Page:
Makerita ‘Lika’ Ve’a Enesi: July 25th, 1957-April 13th, 2022


Her mother was a Gardener of flowers. Her brother, Enesi, was a Gardener of souls. Her sister, Tui, was a Gardener of pupils. Lika was a Gardener of human potential. To know Lika, one must know her as a wonderful flower from her late mother’s garden; a place that shaped and prepared her into who she was to become.

An ancient wisdom from our open ocean voyager ancestors is: To be a voyager, one must first plant a garden. Metaphorically, it means by cultivating a garden, one learns the tofa (wisdoms) of life. The four prominent wisdoms are the tofa fa’amaulalo (wisdoms of humility), tofa fa’aaloalo (wisdoms of respect), tofa alofa (wisdoms of love) and tofa fa’amagalo (wisdoms of forgiveness). Without the foundations of tofa, knowledge outruns wisdom, service is a meaningless gesture, and leadership becomes self-serving.

George Bernard Shaw, an avid gardener who was awarded the 1925 Nobel Prize winner for literature, took planting a garden deeper. “I have found, after a good deal of consideration, that the best place to seek God is in a garden…”

Fa’asau, is one of American Samoa’s premier gardens with tropical flowers and is a propagation site for tofa (traditional wisdoms) that has nourished generations of servants to God, the Church, Leone village, and Government of American Samoa. It is the pride of the Aiga and a living manifestation of our loved ones of days gone by whose spirits continue to nourish the lives of our aiga. As the garden flourishes and thrives, so goes the aiga.

Makerita’s journey reminds us of the profound gifts of her mother Vea’s garden and its deeper purpose that taught the values of love, caring, service and healing in all that we do. These are the values of our aiga, taught by our elders.

Sekio, the youngest of the Enesi siblings, is the loving personification of his late mother, Ve’a Enesi. He is a gentle soul who, since childhood, cultivated the family flower garden with his mother. During a recent conversation with a cousin, he shared these thoughts.

“I am sad, but I also know life must move on. I try not to think too much about my brother, Enesi, passing away and then suddenly, my sister Lika. I focus on my nieces and my sister, Ilo. I take a walk and get busy around the garden to take my mind off being sad. I pray that my nieces grow to be successful and love the family, like what my mother taught us. Always fealofani and alofa.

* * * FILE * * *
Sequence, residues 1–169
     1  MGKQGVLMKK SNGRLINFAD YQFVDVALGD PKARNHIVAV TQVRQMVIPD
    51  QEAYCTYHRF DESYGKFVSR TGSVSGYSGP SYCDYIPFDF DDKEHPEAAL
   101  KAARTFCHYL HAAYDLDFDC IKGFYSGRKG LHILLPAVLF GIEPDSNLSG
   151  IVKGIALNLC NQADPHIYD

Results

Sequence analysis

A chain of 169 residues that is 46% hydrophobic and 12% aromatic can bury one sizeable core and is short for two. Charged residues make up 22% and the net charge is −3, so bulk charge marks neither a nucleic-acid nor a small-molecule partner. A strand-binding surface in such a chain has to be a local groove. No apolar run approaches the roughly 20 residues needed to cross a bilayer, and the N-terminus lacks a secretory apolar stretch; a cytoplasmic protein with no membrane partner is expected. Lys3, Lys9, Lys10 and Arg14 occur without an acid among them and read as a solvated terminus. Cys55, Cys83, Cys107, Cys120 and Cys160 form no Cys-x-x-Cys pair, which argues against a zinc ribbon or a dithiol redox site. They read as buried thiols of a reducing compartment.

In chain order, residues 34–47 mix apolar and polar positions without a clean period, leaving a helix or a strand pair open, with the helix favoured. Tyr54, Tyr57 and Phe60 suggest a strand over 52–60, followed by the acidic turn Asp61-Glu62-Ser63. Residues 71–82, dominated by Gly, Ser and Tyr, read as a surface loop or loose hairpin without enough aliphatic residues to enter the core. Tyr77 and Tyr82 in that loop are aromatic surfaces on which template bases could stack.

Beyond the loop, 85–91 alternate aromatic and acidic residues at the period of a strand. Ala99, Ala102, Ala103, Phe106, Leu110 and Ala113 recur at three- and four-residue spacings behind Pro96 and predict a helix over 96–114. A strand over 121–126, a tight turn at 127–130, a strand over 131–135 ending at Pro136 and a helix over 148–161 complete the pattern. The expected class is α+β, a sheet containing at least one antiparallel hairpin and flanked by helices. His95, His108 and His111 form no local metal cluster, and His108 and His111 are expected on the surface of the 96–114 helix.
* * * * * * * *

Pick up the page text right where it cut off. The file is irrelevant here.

“Memories of me with my sisters and brother, I think about to cheer me up. I think about my mother, my mafutaga with my sisters, nieces, and my aiga. When I think of Enesi, I miss him and his visits. He knew a lot about family history and gave us advice to make peace and forgive. My mother told us that, “ia matou fealofani, don’t steal, don’t faikakala, study hard and do your homework, toaga i le aoga, be honest, have love.”

Fa’ailoilo, Lika’s surviving sister, shared that Lika was very much like their father, Enesi Perekina Enesi, Sr. who she described as a humble, quiet, calm and gentle person. He was devout and encouraged education and caring for our aiga. Ilo shared that, “… Lika’s entire life was work and family. She was a private and unassuming person. However, she was very professional in her work with high personal standards, expectations and caring of those she worked with.”

Fa’ailoilo’s youngest daughter and Lika’s niece Su’e expressed it best. “Aunty Lika was very stubborn. She put others first before herself. Workaholic. Even when she retired and at home, rather than relaxing, she called Grace up at work and to follow up on how her staff is doing.”

Ilo continued; “Lika’s focus was her nieces. She wanted my daughters to grow up and love each other, finish school, and continue on with what our mother, their grandmother, instilled in us—respect, do the right thing, help others, fear the Lord, toaga i le lotu and osi aiga.”

“Lika was a meticulous and organized person. Lika knew her time left on earth was near. She wrote everything down. Lika laid out (in writing) what each of the girls, their duties, and responsibilities, need to be. In particular, caring for Sekio and I. She was ready.”

Ilo’s sharing concluded with last moments, special moments, with her sister. “Lika’s last words to me was tell the girls to take care of Sekio. This is what our mother, before she passed away, said to me, my sisters and brother Enesi, “Take care of Sekio…”

In sad reminiscence, Ilo’s final comments were, “I miss ironing her clothes as she wants everything to be perfect when she gets ready to go to work, church, events, meetings.”

Three wonderful bouquets now grace the resting garden of Fa’asau; Tui, Enesi and now Makerita. Three salient examples of unconditional love and devotion to each other as siblings and to the aiga. Indeed, flowers of the garden. All are blessings of light to all who have known, loved, respected, and honored them.

The great novelist Victor Hugo, is quoted as saying, “The supreme happiness of life is the conviction that we are loved.” The winds of grace filled the sails of Makerita Enesi’s vessel on April 13th, 2022. She passed with supreme happiness and the conviction that she was so loved by God, her siblings, aiga and dearest friends.

You are invited to bring a potted flower to plant in the Garden of Fa’asau in Makerita’s memory. Fa’afetai.

Source: Funeral Program for Makerita Enesi